Dave Cameron of FanGraphs published an article last week on the percentage of pitches in the strike zone by batting order position. It was a very interesting read that gave some fascinating insight on how pitchers approach hitters based on their position in the lineup. It was meant to point out that Giancarlo Stanton is getting very few pitches to hit not because he is lacking in protection, but rather because he is a dangerous hitter. In the research, it showed that hitters batting third in the lineup saw the second-fewest strikes in the National League, behind only leadoff hitters. Combine that with the fact that Stanton is not your average third hitter, but probably among the best in baseball, and you can see why pitchers have thrown just 39 percent of pitches in the strike zone against him.
But this brought up my curiosity about the rest of the Marlins roster. The Fish are boasting one of the weakest lineups in baseball around Stanton, and while I feel as though this has had an effect on Stanton's pitches seen, it is also interesting to see just how the other Marlins are being pitched to. How are pitchers attacking other Marlins hitters?
A cursory glance at the Pitch F/X plate discipline leaderboard for the Fish can give you that answer.
One common thread is apparent when looking at the attack pattern of pitchers versus the rest of the Marlins lineup: challenge them in the strike zone. Of the nine players besides Stanton in the top ten in terms of plate appearances for the team, only one saw fewer than 50 percent of his pitches in the strike zone. The remaining players are seeing tons of pitches in the zone, and this is especially true for the two veteran free agent pickups from the offseason, Placido Polanco and Juan Pierre. These two players, along with Rob Brantly, all rank in the top 15 in zone percentage in all of baseball among players with at least 60 plate appearances.
All of these players are being thrown at for the same basic reason: pitchers are not afraid of the results. Only one of those players, Justin Ruggiano, has a projection that is at or better than league average. The remaining players are expected to be chumps in the lineup, and that means the opposing pitchers do not need to risk walking them by throwing cutesy outside pitches.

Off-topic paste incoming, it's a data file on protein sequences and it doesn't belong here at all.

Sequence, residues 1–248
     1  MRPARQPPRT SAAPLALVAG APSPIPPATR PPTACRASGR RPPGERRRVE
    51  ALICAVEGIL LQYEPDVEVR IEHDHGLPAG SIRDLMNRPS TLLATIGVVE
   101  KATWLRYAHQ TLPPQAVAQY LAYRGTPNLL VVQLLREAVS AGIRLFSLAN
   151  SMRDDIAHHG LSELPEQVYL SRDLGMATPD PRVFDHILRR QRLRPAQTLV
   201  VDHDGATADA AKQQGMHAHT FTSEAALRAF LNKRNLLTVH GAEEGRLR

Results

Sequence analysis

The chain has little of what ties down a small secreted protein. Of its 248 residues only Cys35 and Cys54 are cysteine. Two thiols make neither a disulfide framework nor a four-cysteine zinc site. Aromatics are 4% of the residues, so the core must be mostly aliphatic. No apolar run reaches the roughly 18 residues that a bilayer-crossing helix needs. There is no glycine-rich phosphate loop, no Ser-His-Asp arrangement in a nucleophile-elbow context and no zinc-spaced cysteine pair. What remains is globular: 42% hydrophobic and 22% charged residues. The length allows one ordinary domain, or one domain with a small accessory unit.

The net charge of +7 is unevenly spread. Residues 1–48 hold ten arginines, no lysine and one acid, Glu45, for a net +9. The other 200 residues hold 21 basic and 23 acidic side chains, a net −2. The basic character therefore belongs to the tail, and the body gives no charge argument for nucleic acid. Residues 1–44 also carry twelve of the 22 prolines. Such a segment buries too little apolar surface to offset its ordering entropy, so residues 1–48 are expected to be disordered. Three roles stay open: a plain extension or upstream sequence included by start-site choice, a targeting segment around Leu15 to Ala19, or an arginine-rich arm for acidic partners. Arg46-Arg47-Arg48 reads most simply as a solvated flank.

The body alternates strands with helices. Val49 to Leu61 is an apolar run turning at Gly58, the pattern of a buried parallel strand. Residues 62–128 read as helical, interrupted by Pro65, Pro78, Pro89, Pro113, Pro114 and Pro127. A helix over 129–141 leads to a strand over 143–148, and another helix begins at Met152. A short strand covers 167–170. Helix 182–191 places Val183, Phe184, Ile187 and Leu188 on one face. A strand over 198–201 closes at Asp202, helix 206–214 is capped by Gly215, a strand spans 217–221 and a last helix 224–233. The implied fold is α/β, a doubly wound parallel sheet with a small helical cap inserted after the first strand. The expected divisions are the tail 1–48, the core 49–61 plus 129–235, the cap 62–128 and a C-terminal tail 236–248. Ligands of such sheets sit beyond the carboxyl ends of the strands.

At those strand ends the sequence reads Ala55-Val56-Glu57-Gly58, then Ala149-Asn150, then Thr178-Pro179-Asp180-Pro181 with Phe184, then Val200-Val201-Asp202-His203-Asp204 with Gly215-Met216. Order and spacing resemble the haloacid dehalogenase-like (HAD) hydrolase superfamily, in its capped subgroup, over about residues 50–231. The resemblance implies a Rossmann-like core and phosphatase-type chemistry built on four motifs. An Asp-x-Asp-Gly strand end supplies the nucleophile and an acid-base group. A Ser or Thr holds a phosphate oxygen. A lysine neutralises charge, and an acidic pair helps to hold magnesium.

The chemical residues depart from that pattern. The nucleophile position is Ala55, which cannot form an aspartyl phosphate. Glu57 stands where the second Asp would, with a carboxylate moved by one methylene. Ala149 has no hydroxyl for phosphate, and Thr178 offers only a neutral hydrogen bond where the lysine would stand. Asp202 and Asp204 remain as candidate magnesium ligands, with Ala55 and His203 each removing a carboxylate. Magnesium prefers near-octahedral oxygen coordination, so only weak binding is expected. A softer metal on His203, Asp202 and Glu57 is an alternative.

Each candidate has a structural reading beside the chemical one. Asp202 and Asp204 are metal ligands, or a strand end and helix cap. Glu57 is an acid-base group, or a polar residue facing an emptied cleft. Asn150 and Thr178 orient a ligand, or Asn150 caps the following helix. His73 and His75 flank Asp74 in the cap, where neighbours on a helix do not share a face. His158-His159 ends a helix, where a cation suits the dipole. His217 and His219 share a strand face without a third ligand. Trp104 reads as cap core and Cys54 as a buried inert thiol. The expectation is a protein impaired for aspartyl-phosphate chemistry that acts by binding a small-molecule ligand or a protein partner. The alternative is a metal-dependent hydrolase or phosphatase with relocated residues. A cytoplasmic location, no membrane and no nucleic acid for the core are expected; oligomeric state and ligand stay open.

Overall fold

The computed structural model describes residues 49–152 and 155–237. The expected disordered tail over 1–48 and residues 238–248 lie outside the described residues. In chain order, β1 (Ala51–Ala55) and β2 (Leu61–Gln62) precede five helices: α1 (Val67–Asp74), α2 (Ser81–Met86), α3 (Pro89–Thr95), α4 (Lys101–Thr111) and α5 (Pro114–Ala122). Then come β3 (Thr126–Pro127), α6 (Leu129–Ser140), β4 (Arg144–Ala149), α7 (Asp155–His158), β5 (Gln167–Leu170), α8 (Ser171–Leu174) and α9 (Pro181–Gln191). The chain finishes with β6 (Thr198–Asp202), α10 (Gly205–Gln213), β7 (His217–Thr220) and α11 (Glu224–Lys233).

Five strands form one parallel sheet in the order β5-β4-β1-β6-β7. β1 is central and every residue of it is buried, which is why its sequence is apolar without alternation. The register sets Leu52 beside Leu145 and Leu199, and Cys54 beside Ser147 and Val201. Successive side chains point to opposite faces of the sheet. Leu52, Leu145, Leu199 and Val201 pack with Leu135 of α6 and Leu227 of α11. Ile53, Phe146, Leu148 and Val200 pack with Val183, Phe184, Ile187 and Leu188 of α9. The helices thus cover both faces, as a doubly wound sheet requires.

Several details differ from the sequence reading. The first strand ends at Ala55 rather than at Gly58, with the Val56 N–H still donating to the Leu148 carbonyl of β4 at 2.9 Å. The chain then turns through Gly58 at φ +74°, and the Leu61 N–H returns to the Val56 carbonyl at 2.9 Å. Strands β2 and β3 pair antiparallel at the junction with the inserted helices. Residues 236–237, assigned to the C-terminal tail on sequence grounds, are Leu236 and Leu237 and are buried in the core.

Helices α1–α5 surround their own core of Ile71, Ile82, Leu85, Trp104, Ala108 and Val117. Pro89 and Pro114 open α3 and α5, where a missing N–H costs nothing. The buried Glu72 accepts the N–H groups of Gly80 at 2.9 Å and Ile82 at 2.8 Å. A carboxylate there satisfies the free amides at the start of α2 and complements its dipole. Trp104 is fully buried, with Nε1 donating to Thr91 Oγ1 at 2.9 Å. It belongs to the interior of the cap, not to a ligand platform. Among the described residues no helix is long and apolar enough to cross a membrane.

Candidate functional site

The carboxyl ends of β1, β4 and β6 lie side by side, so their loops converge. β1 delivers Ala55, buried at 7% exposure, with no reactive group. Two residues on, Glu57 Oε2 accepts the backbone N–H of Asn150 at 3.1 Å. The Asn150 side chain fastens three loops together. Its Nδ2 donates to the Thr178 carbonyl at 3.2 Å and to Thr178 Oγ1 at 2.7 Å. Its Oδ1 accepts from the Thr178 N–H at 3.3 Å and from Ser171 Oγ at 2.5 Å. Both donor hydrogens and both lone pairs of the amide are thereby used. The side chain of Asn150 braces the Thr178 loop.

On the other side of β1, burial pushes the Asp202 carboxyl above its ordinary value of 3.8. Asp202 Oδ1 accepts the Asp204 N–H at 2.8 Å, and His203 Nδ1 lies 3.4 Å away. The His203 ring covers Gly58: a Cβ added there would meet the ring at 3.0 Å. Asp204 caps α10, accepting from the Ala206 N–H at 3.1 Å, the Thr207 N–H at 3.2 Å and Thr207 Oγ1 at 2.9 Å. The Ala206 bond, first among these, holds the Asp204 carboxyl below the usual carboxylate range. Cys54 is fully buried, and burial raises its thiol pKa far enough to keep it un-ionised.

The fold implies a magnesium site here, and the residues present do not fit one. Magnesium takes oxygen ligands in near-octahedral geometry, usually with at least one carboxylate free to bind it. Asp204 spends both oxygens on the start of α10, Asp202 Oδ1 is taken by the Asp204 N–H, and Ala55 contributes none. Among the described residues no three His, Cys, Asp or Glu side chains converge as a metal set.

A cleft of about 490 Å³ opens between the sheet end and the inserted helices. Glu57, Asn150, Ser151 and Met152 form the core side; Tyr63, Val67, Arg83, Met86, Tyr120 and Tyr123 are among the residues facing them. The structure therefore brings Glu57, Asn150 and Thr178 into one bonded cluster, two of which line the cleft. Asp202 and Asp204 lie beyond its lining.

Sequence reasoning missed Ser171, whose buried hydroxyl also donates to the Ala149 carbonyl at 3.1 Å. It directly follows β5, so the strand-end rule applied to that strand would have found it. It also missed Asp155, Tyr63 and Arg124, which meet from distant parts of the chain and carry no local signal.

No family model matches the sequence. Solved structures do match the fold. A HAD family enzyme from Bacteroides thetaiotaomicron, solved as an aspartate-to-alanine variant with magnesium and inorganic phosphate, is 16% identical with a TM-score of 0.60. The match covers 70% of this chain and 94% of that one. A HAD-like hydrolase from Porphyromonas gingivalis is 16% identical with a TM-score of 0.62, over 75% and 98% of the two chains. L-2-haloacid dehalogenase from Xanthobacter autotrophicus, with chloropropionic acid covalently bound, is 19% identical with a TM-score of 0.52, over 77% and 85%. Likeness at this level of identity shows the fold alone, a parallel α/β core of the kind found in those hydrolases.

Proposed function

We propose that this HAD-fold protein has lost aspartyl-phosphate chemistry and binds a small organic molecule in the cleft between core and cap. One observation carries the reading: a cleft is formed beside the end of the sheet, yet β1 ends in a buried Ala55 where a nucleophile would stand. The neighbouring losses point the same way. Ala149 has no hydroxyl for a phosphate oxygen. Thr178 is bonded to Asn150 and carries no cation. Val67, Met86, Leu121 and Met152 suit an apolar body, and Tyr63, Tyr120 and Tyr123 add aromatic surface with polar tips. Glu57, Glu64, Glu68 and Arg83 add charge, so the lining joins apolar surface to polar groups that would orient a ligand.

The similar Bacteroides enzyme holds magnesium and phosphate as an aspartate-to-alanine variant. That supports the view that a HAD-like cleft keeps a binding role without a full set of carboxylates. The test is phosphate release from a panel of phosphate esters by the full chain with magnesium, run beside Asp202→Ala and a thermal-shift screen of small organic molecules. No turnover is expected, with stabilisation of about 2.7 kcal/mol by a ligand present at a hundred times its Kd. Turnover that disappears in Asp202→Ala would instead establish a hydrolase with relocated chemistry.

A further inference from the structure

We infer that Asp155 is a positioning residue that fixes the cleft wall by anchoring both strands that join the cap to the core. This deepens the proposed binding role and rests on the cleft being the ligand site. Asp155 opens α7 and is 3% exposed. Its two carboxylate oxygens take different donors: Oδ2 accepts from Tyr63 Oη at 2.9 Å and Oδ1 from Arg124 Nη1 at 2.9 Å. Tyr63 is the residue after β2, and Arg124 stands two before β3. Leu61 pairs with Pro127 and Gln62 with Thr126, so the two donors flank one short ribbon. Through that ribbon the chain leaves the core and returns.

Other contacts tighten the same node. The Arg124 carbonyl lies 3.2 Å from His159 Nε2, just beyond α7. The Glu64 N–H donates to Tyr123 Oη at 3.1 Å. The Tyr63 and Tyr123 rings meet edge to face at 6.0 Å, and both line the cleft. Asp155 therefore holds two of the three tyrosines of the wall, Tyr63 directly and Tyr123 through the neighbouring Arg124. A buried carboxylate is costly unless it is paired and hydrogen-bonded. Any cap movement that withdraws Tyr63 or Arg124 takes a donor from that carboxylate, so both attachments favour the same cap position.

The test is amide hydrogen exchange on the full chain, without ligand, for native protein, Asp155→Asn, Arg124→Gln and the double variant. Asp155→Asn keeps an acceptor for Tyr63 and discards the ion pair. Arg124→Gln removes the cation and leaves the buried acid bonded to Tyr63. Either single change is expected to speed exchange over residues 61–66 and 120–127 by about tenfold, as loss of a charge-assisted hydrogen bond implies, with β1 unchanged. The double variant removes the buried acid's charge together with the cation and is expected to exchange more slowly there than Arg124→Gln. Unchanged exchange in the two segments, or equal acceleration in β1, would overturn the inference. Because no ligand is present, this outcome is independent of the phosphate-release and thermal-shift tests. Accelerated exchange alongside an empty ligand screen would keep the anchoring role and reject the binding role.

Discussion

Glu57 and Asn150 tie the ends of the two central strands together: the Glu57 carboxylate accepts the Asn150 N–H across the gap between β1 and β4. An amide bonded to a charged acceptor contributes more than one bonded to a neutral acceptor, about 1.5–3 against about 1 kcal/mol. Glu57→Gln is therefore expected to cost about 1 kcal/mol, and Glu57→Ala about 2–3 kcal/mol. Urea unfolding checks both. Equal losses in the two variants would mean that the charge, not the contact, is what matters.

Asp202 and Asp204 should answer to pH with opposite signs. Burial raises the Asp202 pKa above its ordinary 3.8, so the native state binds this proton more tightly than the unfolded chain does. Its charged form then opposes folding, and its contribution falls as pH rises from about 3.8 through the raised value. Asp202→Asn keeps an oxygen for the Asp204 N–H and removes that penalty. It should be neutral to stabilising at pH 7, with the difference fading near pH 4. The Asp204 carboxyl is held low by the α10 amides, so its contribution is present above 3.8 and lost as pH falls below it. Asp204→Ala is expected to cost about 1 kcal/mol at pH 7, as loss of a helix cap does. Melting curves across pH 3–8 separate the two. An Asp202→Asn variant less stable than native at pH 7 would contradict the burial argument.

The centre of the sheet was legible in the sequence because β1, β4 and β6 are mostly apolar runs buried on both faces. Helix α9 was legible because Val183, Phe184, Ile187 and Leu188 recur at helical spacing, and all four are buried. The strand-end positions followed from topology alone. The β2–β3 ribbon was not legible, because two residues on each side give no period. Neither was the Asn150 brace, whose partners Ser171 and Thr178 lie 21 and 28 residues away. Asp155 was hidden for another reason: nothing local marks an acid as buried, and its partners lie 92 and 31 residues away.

For the majority of the Marlins' hitters, the reason why the consequences are not feared is because of a lack of power. Pierre, Polanco, Solano, Greg Dobbs, Adeiny Hechavarria, and Chris Valaika are all well-known for lacking power. Rob Brantly may also provide a similar case, though without the obvious track record. That lack of power diminishes the maximum return for a base hit or contacted ball. Pitchers are less likely to fear throwing in the zone if the worst outcome is a home run, but they are far more likely to do so when a single is the most dangerous punishment. That is why, despite very high contact rates for each of these hitters (all above 90 percent in the strike zone), pitchers are still pounding the zone and betting that a contacted ball will not amount to much.
For Justin Ruggiano, attacking him in the zone is a completely different tale. He is the most aggressive Marlins hitter, but he is also one of the most prone to the strikeout. Ruggiano swung at 74 percent of pitches in the zone but made contact on just 78 percent of those swings. Those extra whiffs yield extra strikes and thus more positive events for pitchers. The reasoning behind attacking Ruggiano is not that he is no danger to launch one out (he is tied with Stanton for the team lead with three home runs), but rather that he is less likely to even make contact compared to the other players.
What has been the result of that for the Marlins? Well, the Fish are in the top ten in terms of avoiding strikeouts, but they are also tied for fourth to last in walk rate despite Stanton's 14.5 percent walk rate so far this year. Pitchers are not getting strikeouts by attacking the zone, but at least they are not yielding walks. As for contacted balls, the Marlins are tied for second to last in terms of batting average on balls in play (BABIP), meaning they are not scrounging up hits despite their contact. They are also last in home runs, isolated power (ISO), and slugging percentage on contact (SLGCON). The Fish are behind the second-to-last Los Angeles Dodgers in ISO and SLGCON by the same amount as the Dodgers are behind the 20th-placed teams in the respective categories.
Opposing pitchers have gambled on the Marlins' inability to do anything with pitches in the zone thus far, and they have won more often than not. The rest of the Marlins lineup aside from Stanton has done nothing to scare off teams from continuing to attack the Fish in the zone, so expect this pattern to continue until someone like Ruggiano or Brantly begins making better contact.